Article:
Blood Glucose Targets
The literature reflects controversy about what constitutes an optimal blood glucose target range during hospitalization (Table 2). Study results reported in 2001 documented that blood glucose targets of 80 mg/dL to 110 mg/dL reduced morbidity and mortality among patients in a surgical ICU.3 However, a similar benefit was not documented for patients in the medical ICU in the same facility.4,5
A recent study found that intensive glucose control (target 81 mg/dL to 108 mg/dL) increased mortality among adult patients in the ICU. But a blood glucose target of 180 mg/dL or less resulted in lower mortality than the intensive glucose target.6
Based on collective research and expert clinical opinion, the American Association of Clinical Endocrinologists and the American Diabetes Association now recommend a glucose range of 140 mg/dL to 180 mg/dL for the majority of critically ill patients. For the majority of patients who are not critically ill, the organizations recommend a premeal blood glucose target of less than 140 mg/dL and a random blood glucose target of less than 180 mg/dL.7
The NP-PA Team
I am an adult nurse practitioner and certified diabetes educator who practices in the Diabetes Consulting Service at Mayo Clinic in Rochester, Minn. Our team consists of nurse practitioners, physician assistants, a physician consultant, a diabetes fellow and medical residents. We are responsible for the clinical management of inpatients who have been diagnosed with diabetes and inpatients who develop hyperglycemia but have not been diagnosed with diabetes.
The availability of our diabetes service allows the admitting service to focus on each patient's presenting needs, such as a surgery or other medical event. Our team provides all diabetes management while the patient is in the hospital.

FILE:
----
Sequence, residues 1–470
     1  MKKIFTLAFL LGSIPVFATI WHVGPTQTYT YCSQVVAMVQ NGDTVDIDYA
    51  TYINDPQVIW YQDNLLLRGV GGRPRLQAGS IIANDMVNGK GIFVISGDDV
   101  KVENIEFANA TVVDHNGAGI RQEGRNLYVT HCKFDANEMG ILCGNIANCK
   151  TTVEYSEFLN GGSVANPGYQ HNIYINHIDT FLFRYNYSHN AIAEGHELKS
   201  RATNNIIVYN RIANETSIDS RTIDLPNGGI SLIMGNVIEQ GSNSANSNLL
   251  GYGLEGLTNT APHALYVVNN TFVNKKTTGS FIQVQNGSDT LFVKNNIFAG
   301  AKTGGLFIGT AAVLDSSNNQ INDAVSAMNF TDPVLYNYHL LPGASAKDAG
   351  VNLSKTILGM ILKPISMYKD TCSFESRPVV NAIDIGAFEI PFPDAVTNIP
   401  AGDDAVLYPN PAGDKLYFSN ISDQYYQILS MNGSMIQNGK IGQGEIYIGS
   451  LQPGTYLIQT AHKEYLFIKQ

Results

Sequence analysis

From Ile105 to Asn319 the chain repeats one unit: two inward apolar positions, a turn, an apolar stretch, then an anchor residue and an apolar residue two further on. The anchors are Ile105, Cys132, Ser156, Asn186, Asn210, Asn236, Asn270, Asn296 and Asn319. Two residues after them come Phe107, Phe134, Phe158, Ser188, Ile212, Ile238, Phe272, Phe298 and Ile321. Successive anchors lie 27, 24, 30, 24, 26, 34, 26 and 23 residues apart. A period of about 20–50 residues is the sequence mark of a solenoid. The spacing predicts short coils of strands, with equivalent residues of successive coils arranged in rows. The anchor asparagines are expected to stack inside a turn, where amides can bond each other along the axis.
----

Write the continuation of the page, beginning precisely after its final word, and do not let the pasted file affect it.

Hospital-based diabetes management is a growing specialty that directly affects patient care. It is both a science and an art. Nurse practitioners and physician assistants are well suited for this team approach to focused care. A study conducted at Dartmouth-Hitchcock Medical Center found that a nurse practitioner-led glucose management service reduced patients' blood glucose levels with substantially less variation when compared to patients who were not followed by the service.8
The role of the nurse practitioner and physician assistant in an inpatient diabetes management service is autonomous, challenging and rewarding. We provide the following services:
• Assessment and evaluation of new consults and writing all orders related to diabetes management. We perform physical examinations with special attention to body systems that may be affected by diabetes.
• Examination of the previous 24 hours of blood glucose values and writing daily orders for diabetes medications. Daily dose adjustment is a critical component of keeping the patient's blood glucose in target range.
• Identification of discharge needs at the point of initial patient contact. Many patients are admitted with an HbA1c level that is too high. We initiate a new therapy to be continued after discharge or work with them to optimize their current plan. Sometimes we re-evaluate their entire discharge plan due to an elevated creatinine or some other factor that prohibits continuation of the current treatment plan.